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In-Home Pregnancy Tests: Your Questions Answered

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How Does a Pregnancy Test Work?

IMAGE Whether it is a blood or urine test, all pregnancy tests work the same way—by testing for the presence of human chorionic gonadotropin (hCG). hCG is a hormone produced in the placenta after egg fertilization. Its concentration doubles every two or three days, peaking around the eighth week of pregnancy. In-home pregnancy kits test urine for hCG.

How Soon After Conception Is the Test Effective?

Many tests can start to detect pregnancies as early as 10-15 days after conception or one day after a missed menstrual period. But since the level of hCG continues to rise, the test becomes more sensitive over time. So on the first day after a missed period, the urine pregnancy test may only detect some pregnancies, but one week later it would likely detect most pregnancies. If you tested and the result was negative, and you still have not started your period, wait a few days and test again.

How Do I Use an In-Home Pregnancy Test?

It is important that you read the directions. Not all in-home pregnancy kits are used in the same way. With some kits, you will urinate in a cup and then use a dropper to place a small sample of your urine on the test area. Other kits require you to urinate directly on the test stick. The results usually take about five minutes to display.

How Accurate Are They?

In-home pregnancy tests are very accurate if used appropriately 1 week after your missed period. However, if used incorrectly, if the instructions are not followed, or if you use the test too early, then the results are much less accurate.

It is important that you follow the directions and understand how to interpret the results. Manufacturers state that in-home pregnancy tests can be used as soon as one day after a missed period, but understand that the tests are much more accurate if you wait a week after a missed period.

When an error does occur, more often than not, it is a false-negative—meaning the test says you are not pregnant when you are. If the test result is negative but you are experiencing early signs of pregnancy, it is best to see your healthcare provider. The earlier that you begin prenatal care, the better it is for both you and your baby.

If your home pregnancy test is positive for a pregnancy, it is very likely to be correct. It is extremely rare that a test would give you a positive result if you were not really pregnant.

Other Possible Causes of a Missed Period

The most common cause of a missed period is pregnancy. But what if you have missed a period and are not pregnant? Some other causes of missed periods include but are not limited to:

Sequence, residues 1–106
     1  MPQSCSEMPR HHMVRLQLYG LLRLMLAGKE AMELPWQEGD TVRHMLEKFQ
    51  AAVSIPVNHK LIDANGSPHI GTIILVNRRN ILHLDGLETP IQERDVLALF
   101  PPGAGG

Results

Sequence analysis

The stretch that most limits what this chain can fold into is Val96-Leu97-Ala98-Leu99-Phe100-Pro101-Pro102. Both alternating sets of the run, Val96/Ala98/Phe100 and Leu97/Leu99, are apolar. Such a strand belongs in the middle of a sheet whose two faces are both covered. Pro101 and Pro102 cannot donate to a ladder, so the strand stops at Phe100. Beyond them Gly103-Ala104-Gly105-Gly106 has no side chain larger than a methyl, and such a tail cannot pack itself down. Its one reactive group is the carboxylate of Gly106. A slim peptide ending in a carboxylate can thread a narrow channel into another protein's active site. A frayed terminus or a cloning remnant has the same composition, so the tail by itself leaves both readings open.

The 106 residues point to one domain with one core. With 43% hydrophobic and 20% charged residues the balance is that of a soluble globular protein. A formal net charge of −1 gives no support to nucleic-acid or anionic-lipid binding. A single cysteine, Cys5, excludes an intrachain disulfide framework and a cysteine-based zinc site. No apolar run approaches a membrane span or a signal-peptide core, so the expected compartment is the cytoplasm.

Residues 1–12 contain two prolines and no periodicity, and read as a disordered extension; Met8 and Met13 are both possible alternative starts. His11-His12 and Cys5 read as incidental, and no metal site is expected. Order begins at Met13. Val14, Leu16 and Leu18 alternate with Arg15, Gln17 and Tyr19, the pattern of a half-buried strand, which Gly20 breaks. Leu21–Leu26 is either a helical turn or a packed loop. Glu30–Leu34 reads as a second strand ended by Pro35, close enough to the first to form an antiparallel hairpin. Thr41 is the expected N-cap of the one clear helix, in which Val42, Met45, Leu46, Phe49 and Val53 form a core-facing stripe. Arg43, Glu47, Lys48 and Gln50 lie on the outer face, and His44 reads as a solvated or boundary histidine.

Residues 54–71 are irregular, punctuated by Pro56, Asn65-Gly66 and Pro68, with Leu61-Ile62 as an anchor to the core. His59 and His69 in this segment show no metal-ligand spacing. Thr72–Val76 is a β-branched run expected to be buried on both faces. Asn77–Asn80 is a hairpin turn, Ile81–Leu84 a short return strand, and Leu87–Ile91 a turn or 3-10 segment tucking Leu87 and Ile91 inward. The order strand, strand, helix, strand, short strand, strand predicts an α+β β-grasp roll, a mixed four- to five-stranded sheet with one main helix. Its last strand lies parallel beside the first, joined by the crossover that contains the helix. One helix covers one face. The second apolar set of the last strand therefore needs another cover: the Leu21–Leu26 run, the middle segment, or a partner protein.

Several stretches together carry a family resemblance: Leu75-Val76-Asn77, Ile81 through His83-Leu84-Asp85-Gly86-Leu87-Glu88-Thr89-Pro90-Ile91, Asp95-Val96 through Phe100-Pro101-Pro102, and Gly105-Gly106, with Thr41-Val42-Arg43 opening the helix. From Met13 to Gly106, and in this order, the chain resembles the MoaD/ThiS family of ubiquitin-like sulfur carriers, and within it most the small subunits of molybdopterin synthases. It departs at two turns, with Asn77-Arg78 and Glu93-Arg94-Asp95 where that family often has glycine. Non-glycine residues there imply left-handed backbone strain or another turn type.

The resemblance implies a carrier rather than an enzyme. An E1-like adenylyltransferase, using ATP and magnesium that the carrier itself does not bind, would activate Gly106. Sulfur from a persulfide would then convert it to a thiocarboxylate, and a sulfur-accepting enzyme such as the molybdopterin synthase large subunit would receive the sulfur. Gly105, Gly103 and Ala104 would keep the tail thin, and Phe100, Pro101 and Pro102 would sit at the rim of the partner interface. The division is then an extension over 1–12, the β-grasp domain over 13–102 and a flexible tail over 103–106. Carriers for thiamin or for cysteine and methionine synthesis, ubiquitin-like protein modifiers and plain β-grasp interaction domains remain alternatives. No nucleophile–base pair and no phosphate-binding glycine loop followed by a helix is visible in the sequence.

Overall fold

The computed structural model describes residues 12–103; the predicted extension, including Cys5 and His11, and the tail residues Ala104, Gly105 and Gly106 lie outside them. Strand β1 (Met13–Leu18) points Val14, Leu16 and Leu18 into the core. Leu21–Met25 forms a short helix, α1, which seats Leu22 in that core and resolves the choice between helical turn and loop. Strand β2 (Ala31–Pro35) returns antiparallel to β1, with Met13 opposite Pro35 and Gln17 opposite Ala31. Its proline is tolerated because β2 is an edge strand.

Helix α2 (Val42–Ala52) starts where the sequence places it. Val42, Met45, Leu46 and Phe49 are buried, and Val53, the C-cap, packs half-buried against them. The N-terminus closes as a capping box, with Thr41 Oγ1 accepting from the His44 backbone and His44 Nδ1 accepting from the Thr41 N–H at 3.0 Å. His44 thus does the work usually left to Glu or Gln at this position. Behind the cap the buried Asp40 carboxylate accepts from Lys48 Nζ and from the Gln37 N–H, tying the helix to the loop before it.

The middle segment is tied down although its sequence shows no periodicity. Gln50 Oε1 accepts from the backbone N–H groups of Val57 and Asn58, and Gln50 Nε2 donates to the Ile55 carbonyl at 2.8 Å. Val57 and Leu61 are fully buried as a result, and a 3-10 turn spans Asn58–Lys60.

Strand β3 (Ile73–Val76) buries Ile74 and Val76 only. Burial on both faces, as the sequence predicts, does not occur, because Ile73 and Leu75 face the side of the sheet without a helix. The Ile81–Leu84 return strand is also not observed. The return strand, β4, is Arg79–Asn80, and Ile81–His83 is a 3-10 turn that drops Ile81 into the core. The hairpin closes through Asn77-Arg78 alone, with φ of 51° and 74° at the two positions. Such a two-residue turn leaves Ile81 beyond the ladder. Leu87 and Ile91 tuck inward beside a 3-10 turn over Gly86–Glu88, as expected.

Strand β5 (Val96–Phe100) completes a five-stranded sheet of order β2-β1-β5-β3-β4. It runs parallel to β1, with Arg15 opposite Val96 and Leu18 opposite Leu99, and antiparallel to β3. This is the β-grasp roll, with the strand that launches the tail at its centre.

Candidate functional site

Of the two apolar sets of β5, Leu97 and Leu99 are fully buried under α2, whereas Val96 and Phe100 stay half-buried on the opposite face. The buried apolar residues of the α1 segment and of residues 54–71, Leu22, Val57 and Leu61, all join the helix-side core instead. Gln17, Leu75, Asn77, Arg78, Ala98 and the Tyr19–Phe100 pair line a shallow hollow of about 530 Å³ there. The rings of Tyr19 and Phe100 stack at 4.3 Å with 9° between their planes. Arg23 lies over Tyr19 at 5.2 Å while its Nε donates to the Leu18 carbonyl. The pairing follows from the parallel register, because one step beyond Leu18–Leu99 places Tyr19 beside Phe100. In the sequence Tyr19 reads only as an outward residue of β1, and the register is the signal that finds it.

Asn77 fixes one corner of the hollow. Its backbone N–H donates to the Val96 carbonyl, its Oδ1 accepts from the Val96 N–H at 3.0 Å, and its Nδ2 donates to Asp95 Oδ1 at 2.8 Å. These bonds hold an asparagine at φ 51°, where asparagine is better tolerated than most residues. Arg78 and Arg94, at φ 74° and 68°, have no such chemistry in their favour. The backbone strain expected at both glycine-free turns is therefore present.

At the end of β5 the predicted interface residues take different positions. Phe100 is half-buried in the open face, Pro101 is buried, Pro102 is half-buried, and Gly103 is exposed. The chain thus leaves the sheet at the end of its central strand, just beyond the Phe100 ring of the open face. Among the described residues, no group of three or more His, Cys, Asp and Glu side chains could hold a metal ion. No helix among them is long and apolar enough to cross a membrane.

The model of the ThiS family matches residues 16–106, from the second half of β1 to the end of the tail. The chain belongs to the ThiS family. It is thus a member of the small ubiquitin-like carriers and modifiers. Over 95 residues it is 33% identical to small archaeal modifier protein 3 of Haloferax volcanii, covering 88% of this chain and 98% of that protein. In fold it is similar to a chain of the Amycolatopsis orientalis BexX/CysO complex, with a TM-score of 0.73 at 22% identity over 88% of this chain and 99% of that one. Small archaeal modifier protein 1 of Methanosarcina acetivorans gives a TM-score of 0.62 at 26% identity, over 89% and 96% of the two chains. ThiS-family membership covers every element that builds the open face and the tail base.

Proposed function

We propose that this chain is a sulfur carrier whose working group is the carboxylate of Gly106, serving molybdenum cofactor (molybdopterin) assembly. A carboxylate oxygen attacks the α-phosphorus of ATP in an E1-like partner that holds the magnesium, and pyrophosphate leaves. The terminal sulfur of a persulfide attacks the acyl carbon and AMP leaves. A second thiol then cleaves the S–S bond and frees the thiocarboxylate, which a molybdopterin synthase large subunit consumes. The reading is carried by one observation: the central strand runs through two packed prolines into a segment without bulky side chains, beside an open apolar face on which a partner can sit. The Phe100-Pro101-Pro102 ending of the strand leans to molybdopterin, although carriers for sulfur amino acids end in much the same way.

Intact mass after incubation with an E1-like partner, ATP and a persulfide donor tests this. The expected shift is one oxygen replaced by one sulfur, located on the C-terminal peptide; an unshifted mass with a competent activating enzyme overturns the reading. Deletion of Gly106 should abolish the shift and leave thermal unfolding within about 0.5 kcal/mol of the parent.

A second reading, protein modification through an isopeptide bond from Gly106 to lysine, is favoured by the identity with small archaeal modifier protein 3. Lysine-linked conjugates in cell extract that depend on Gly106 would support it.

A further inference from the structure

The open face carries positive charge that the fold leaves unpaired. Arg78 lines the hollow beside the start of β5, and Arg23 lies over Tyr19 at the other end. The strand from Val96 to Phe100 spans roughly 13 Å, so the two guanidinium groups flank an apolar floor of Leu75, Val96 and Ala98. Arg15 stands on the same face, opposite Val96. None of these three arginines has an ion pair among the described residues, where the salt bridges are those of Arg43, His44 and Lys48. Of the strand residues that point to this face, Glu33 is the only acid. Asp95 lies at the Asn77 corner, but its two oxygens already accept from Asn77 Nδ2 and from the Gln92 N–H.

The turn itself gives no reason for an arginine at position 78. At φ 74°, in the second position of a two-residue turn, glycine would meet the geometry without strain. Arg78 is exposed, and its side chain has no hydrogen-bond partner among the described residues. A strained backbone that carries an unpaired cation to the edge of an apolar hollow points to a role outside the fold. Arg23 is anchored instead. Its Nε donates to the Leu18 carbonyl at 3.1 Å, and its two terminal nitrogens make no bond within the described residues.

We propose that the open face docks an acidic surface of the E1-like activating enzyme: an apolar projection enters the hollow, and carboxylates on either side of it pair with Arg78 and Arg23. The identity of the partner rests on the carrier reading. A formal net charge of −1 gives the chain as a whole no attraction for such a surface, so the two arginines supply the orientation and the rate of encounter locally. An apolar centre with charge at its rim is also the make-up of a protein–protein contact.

• Birth control pills—Some women who use this form of contraception may not have periods. In addition, stopping your birth control pills can lead to 3-6 months of missed or abnormal periods.
  • Breastfeeding—Although this can cause missed periods, you can still get pregnant without periods when you are breastfeeding.
  • Medications—Certain drugs can cause changes to your monthly cycle. When you are prescribed a new medication, ask about possible effects on your menstrual cycle.
  • Illness—Some illnesses can disrupt your period. Once you are healthy, you should return to your normal cycle.
  • Eating disorders, malnutrition, and low body weight—These may cause a decrease in the production of estrogen. Inadequate estrogen production can result in your menstrual cycle stopping.
  • Excessive exercise—This can disrupt the production of hormones and stop menstruation.
  • MenopauseAs you near menopause, your periods will become irregular and eventually stop.
  • American Congress of Obstetricians and Gynecologists

    http://www.acog.org

  • Women's Health—US Department of Health and Human Services

    http://www.womenshealth.gov

  • The Canadian Women's Health Network

    http://www.cwhn.ca

  • The Society of Obstetricians and Gynaecologists of Canada

    http://www.sogc.org

  • Pregnancy testing. EBSCO DynaMed website. Available at: http://www.ebscohost.com/dynamed. Updated January 3, 2013. Accessed March 4, 2014.

  • Pregnancy tests fact sheet. Office on Women's Health website. Available at: http://womenshealth.gov/publications/our-publications/fact-sheet/pregnancy-tests.html. Updated July 16, 2012. Accessed March 4, 2014.

  • Taking a pregnancy test. American Pregnancy Association website. Available at: http://americanpregnancy.org/gettingpregnant/takingapregnancytest.html. Updated March 2011. Accessed March 4, 2014.